Contested Police Systems: Changes in the Police Systems in Belgium, Denmark, England & Wales, Germany, and the Netherlands
Editor: Ari van Sluis, et al
Publisher: The Hague, NETH: Eleven Publishing, 2013. 236p.
Reviewer: Malcolm Anderson | March 2014
At first sight, it may appear a little strange that a publisher should produce, in the same year, two collections of papers on the same general topic – the transformation of police systems in north western Europe, covering a similar although not identical list of countries, and organized in roughly the same way. But the decision to publish both is comprehensible for several reasons. They have a different genesis. The van Sluis volume was sponsored by the Dutch police college and was originally published in Dutch so that this volume is effectively a second edition. The Fyfe collection emerged from a European Criminological Association conference and was then helped along by the European Police Research Institutes Collaboration (EPIC). The books have a different approach and cover different topics, though with important overlaps in the material presented. However, the decision to publish is, above all, justified in terms of the quality of both. All contributors write authoritatively and clearly on the subjects assigned to them. Unusually in collections based on conference papers, and even given a certain variation in quality, all contributors maintain a high standard and are very much in control of their often complex material. Both books are admirably informative about recent developments in the police systems of northern and Western Europe, and make essential reading for those who need to be abreast of recent reforms across a range of countries; and both provide many insights into pressures to reform.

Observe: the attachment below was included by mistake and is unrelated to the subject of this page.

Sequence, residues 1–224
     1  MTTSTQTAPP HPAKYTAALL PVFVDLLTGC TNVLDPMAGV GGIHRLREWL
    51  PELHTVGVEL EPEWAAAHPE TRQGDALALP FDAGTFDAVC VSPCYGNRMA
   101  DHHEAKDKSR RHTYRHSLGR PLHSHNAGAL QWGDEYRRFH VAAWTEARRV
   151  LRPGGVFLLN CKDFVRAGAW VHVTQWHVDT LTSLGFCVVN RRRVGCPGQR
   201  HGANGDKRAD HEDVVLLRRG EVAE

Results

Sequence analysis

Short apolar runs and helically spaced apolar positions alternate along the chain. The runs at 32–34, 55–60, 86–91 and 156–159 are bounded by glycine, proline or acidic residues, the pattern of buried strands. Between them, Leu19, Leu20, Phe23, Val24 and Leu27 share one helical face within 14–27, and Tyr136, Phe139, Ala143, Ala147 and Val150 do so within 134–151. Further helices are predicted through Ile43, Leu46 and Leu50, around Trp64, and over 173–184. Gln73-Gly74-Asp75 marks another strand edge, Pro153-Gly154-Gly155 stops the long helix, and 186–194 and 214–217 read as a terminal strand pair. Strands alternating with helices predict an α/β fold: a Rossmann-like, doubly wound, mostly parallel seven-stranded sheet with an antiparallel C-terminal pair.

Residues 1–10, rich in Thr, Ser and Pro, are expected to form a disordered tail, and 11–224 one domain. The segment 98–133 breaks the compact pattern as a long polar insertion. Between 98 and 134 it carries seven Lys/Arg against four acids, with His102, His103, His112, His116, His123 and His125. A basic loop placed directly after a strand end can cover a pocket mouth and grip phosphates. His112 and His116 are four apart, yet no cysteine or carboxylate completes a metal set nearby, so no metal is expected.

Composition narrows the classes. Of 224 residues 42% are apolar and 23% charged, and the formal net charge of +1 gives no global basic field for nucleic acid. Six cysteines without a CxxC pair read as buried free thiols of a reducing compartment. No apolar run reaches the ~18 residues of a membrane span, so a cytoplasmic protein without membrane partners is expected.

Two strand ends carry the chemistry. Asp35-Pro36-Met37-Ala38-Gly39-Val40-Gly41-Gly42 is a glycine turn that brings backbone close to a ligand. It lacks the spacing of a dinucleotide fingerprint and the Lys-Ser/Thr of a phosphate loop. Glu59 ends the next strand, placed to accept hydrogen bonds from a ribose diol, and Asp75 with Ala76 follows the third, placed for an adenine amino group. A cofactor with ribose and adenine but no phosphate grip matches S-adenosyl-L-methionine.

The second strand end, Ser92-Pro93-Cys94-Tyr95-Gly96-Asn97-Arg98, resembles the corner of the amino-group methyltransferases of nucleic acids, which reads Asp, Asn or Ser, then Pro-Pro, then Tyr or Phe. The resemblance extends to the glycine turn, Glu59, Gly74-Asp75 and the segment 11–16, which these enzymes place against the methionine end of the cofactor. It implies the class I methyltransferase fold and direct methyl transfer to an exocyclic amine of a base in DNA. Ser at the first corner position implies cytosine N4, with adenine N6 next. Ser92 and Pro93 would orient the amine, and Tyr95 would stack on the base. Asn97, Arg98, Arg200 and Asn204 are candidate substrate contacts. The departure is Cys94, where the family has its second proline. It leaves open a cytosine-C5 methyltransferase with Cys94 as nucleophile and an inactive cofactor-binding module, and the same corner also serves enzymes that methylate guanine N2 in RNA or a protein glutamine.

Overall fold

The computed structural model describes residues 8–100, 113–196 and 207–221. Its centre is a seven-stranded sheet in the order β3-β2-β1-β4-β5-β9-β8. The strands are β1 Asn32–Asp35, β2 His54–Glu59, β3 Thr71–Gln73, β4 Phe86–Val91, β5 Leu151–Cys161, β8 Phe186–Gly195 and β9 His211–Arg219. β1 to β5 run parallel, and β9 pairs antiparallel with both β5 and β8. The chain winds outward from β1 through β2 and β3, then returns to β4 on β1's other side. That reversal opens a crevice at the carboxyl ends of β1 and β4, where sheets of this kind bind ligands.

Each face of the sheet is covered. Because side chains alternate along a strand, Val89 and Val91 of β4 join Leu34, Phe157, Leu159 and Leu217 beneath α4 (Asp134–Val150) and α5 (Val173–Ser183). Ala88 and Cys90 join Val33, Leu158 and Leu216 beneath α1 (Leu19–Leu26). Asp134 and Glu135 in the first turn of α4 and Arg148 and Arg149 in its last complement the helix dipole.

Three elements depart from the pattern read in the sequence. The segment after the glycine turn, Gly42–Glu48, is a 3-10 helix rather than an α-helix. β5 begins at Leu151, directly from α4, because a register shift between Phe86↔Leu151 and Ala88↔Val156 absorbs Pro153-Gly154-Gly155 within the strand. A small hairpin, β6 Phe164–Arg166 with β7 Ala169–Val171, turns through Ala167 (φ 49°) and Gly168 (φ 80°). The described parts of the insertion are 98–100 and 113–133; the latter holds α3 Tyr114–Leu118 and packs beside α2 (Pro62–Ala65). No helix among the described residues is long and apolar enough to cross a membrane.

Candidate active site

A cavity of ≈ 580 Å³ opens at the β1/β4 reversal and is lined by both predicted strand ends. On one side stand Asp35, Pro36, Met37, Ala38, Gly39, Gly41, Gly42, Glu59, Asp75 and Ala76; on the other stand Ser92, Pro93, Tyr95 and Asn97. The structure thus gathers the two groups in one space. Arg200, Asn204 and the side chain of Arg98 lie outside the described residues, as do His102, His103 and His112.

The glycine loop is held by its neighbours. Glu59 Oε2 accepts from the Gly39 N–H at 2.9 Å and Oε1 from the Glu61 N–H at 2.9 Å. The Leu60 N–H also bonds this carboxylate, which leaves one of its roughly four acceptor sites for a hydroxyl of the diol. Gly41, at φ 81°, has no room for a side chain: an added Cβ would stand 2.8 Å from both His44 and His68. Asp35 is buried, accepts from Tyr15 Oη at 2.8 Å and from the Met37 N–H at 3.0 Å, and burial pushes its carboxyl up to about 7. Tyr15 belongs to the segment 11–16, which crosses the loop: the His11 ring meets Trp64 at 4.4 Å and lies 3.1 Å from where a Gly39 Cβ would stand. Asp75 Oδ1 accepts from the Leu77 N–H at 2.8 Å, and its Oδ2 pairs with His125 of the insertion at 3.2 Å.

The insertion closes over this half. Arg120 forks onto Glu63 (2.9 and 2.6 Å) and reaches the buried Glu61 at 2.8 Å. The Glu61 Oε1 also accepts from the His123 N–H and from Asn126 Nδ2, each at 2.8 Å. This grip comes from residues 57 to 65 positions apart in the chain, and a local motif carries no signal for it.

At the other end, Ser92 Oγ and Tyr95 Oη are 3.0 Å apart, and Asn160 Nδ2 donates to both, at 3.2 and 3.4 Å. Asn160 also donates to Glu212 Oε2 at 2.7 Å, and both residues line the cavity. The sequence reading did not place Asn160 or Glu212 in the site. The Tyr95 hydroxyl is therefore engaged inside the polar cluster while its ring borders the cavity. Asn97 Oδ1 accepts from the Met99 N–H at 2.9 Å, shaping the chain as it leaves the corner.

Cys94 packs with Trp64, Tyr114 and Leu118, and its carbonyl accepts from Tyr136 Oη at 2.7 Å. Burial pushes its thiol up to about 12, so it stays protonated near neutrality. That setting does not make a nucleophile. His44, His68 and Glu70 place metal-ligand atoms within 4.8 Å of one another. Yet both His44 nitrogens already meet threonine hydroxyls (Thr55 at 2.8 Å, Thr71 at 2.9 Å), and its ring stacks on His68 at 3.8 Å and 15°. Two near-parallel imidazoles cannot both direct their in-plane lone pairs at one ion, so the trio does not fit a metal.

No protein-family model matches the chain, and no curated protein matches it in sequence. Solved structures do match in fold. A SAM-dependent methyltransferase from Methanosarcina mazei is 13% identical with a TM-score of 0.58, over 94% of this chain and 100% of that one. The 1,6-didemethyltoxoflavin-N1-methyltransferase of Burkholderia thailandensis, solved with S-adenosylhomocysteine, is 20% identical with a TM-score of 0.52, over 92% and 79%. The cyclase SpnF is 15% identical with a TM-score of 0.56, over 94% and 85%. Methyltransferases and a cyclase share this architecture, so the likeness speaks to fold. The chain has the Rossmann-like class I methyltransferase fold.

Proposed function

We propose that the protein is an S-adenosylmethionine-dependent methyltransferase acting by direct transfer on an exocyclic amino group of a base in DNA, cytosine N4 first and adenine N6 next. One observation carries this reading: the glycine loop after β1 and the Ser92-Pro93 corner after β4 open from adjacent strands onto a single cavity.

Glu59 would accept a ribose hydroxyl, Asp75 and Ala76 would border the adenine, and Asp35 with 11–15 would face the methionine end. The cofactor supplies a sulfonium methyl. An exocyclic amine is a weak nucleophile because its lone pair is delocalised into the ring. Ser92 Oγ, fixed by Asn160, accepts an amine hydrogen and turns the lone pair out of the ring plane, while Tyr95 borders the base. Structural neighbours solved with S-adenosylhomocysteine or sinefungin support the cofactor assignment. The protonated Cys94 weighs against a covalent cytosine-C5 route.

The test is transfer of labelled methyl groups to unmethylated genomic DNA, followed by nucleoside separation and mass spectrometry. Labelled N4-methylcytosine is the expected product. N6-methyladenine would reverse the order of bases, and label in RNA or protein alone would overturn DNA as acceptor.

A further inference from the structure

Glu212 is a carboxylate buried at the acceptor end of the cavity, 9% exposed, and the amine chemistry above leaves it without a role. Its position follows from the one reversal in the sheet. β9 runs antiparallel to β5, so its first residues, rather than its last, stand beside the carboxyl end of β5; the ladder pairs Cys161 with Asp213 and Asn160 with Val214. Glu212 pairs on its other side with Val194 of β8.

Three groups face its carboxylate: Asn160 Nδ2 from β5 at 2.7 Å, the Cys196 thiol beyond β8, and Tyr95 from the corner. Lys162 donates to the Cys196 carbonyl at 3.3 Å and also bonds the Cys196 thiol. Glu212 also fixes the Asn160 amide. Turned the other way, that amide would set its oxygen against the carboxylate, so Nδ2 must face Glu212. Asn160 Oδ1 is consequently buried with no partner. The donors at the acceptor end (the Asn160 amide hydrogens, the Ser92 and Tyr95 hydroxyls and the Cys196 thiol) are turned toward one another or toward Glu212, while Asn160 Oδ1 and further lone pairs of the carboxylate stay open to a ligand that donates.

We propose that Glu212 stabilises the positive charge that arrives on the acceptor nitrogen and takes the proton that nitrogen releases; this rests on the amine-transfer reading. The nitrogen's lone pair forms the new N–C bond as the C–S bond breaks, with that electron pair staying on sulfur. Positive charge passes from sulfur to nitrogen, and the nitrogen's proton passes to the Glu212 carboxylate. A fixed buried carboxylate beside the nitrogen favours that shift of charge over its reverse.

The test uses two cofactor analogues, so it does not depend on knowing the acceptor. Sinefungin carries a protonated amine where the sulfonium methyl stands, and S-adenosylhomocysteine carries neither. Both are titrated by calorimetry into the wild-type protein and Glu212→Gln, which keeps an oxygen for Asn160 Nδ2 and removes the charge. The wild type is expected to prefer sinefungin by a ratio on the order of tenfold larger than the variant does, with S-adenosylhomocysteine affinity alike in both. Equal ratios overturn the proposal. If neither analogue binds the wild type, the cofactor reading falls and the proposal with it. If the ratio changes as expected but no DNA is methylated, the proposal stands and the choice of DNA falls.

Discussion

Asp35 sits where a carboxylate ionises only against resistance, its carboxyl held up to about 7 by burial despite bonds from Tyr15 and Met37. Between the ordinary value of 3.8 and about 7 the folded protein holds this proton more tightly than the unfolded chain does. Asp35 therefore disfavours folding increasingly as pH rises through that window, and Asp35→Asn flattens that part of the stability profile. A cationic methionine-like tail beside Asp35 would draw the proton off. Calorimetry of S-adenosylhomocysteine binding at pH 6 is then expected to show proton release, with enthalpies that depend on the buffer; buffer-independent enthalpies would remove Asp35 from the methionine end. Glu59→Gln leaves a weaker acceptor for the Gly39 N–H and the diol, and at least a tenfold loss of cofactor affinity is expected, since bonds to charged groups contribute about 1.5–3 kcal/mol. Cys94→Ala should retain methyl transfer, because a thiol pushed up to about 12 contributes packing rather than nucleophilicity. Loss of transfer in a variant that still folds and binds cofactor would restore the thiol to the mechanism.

Police reform is, of course, an old story and there have been periods in the past when police reform has been high on the political agenda. In some countries it has been a continuing preoccupation. As Bo Wennström points out (Fyfe 159), since 1922, the police in Sweden have been subject to more than a hundred enquiries and although some have been of a minor nature, others have tackled the basic issues of how the police should be organized, and resulted among other things in the creation of a national police in 1965. Nonetheless, the period from the 1990s has been a time of unusually intense reforming activity in which most countries in northern and western Europe have sought to implement “deep” reforms, in the sense of putting into effect measures which have a profound effect on police structures and modes of operation. This is not at all easy, as J. Q. Wilson pointed out as long ago as the 1970s, when he looked at the work of the FBI and DEA before and after the Church Commission, subsequent legislation and a comprehensive management review. Wilson found the working methods of front-line agents were unchanged. The editors of and contributors to these volumes, however, show that they are well aware of the possibility that reforms are often not implemented or have little impact. They are conscious of intricate problems posed in analyzing the transformation of police systems.